What you can do to prevent contracting E. coli

Europe is currently in the grips of an outbreak of E. coli larger than the continent has ever seen. The outbreak is centered in Hamburg, Germany and began in May, but has since spread to eight European countries, making over 1,500 people sick. So far there are 16 confirmed deaths tied to the outbreak.

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Europe is currently in the grips of an outbreak of E. coli larger than the continent has ever seen. The outbreak is centered in Hamburg, Germany and began in May, but has since spread to eight European countries, making over 1,500 people sick. So far there are 16 confirmed deaths tied to the outbreak. Chinese scientists say that the European outbreak is the result of a dangerous and highly infectious new strain of the bacteria.

According to the European Center for Disease Prevention and Control, the large number of cases points to a large-scale contamination in the food chain, likely of vegetables — one that could have happened “anywhere from farm to fork.” Naturally, that kind of news is frightening to consumers: the idea that at any point in the system, even in our own kitchens, our food could become contaminated in a way that makes us sick — perhaps even lethally ill.

E. coli are bacteria that live in the lower intestines of animals like cows and chickens. Some strains of the bacteria are beneficial, but others cause illness in humans that can lead to cramping, diarrhea and in severe cases, death.

Three types of food, if contaminated, can cause an E. coli outbreak: meat, milk and vegetables. Humans become sick with E. coli when they eat food that has been contaminated, either because it is from an animal that was infected with the bacteria or because it was from produce that came into contact with manure from an infected animal.

The symptoms of E. coli infection can show up anywhere from a few hours to ten days after eating contaminated food. If you experience severe abdominal cramping or have bloody stools, nausea, fever or vomiting, you may have contracted E. coli. Other people show no symptoms but can still spread the highly contagious bacteria to others.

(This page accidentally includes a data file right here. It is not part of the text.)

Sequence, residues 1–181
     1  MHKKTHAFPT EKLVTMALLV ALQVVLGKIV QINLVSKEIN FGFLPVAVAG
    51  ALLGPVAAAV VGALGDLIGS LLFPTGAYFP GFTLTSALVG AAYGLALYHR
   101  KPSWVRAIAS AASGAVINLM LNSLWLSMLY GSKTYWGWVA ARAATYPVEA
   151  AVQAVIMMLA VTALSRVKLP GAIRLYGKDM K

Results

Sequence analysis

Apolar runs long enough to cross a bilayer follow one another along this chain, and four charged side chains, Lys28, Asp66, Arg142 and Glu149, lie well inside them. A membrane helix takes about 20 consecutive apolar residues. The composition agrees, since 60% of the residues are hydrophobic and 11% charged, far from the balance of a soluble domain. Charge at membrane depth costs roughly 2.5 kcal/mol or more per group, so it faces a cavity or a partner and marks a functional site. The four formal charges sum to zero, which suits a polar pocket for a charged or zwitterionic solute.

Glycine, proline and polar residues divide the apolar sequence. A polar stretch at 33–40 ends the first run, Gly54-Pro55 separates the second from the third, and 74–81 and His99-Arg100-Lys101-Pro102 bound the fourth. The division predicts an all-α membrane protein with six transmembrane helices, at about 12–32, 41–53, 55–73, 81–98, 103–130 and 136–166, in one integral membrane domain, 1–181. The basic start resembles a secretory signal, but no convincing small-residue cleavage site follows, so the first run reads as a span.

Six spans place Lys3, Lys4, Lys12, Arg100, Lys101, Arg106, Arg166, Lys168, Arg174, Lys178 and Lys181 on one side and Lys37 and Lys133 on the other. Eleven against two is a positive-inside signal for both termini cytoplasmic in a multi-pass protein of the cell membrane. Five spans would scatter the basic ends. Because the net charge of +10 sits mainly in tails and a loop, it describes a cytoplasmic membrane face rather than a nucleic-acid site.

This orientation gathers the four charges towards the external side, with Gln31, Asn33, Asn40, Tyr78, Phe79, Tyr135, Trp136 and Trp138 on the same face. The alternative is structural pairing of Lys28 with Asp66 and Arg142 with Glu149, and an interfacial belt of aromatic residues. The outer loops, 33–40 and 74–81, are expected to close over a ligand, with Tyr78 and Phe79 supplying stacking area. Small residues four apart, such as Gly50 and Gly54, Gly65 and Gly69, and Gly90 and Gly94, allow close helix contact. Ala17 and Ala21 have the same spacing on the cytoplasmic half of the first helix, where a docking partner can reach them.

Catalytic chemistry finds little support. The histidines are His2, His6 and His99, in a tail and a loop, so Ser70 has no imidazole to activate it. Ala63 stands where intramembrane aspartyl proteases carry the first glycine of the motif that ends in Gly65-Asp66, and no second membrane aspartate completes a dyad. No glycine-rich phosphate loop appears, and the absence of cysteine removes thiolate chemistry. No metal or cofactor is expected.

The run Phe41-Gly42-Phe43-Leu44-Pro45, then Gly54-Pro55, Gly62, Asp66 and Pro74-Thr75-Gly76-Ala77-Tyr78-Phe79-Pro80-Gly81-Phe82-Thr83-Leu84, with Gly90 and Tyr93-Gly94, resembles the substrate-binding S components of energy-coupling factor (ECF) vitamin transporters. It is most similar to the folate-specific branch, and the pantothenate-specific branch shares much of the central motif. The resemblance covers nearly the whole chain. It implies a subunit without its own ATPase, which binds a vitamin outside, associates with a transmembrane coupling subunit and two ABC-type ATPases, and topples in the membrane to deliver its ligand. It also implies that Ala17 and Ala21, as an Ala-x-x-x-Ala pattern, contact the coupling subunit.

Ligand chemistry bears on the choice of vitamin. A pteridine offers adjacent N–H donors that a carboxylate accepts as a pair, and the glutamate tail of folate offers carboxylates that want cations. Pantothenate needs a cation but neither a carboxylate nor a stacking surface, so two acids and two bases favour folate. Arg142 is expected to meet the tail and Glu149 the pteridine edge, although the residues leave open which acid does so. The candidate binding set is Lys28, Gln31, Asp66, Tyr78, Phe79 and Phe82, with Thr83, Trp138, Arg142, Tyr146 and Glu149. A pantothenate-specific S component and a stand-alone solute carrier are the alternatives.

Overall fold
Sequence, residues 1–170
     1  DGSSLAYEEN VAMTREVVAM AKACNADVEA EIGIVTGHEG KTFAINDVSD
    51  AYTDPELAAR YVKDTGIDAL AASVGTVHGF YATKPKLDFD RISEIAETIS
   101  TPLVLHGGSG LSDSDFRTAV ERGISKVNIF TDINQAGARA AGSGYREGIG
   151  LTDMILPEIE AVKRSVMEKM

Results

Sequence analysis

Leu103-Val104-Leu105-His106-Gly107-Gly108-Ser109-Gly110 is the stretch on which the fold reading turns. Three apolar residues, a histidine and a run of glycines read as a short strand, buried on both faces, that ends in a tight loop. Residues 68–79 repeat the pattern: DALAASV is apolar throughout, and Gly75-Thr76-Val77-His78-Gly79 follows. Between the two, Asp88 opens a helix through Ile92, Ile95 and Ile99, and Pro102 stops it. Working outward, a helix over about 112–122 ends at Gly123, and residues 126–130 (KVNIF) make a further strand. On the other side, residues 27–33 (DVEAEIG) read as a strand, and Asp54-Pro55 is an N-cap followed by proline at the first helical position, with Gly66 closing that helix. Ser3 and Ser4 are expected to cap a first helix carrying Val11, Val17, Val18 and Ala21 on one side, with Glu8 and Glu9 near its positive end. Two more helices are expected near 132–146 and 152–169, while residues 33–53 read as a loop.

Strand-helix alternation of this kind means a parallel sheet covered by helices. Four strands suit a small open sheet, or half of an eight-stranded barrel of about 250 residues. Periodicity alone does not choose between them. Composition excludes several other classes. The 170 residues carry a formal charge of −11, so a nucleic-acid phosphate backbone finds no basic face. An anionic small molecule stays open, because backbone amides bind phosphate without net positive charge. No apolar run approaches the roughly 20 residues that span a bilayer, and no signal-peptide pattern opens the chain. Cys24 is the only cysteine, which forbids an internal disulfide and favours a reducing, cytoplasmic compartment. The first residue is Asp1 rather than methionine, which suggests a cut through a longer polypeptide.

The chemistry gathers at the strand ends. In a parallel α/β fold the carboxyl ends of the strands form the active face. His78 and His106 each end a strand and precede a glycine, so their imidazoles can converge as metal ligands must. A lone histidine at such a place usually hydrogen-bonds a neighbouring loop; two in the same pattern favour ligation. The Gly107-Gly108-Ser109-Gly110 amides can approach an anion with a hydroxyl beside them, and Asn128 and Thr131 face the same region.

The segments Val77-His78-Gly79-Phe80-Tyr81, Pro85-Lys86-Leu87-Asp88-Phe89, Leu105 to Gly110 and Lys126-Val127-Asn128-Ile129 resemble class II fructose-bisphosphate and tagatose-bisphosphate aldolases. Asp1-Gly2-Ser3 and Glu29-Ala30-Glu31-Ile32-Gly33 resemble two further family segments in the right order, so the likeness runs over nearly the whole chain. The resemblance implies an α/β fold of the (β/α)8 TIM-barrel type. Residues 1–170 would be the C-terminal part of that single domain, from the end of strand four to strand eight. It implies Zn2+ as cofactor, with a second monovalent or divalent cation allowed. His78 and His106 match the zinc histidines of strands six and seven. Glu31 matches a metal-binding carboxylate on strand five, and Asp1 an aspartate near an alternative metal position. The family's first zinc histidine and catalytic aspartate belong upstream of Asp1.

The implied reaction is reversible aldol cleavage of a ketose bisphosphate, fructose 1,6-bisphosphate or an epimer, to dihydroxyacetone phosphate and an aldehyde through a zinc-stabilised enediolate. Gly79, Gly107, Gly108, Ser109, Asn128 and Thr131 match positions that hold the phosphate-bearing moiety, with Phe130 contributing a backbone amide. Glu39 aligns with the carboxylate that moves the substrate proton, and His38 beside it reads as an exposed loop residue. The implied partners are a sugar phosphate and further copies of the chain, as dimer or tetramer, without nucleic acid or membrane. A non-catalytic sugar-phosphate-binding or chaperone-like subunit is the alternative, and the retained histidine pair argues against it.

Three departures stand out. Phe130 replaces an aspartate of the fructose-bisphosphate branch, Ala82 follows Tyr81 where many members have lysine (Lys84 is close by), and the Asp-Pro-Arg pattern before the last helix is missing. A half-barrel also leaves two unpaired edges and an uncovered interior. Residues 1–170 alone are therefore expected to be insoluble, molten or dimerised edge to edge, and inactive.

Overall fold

Most people who contract E. coli recover within two weeks, but some develop a severe kidney condition that can be fatal. The very young, the elderly, pregnant women and those with compromised immune systems are most at risk of suffering the bacteria’s more severe consequences, including death.

The good news is that there is a lot that we, as consumers, can do to prevent ourselves from getting ill due to E. coli contamination in our food. Here are some steps you can take to prevent infection:

  • Wash your hands well before cooking and throughout the day. E. coli is highly contagious and is often spread person-to-person, and food can be cross-contaminated.
  • Cook ground beef until you don’t see any pink remaining. Meat is often contaminated during slaughter, and grinding meat spreads the bacteria throughout it.
  • Wash fresh fruits and vegetables thoroughly, including bagged produced.
  • Never use the same plates for raw and cooked meats. Wash cutting boards that have come into contact with raw meat with hot water and soap.
  • Cook hamburgers to an internal temperature of 155 degrees F. A meat thermometre will let you know when you’ve reached the right temperature. In restaurants, order your burgers well-done.
  • Defrost meat in the fridge or microwave, not on the counter.
  • Keep raw meat and poultry away from other foods.
  • Don’t drink raw milk.
  • Keep food properly refrigerated or frozen, and keep foods at their correct temperature: hot for hot foods, cold for cold foods.
  • If leftovers aren’t put in the fridge right away, toss them.
  • If you have diarrhea, or if you work in a facility with young children or the elderly, wash your hands thoroughly and often, with hot water and soap, for at least 30 seconds.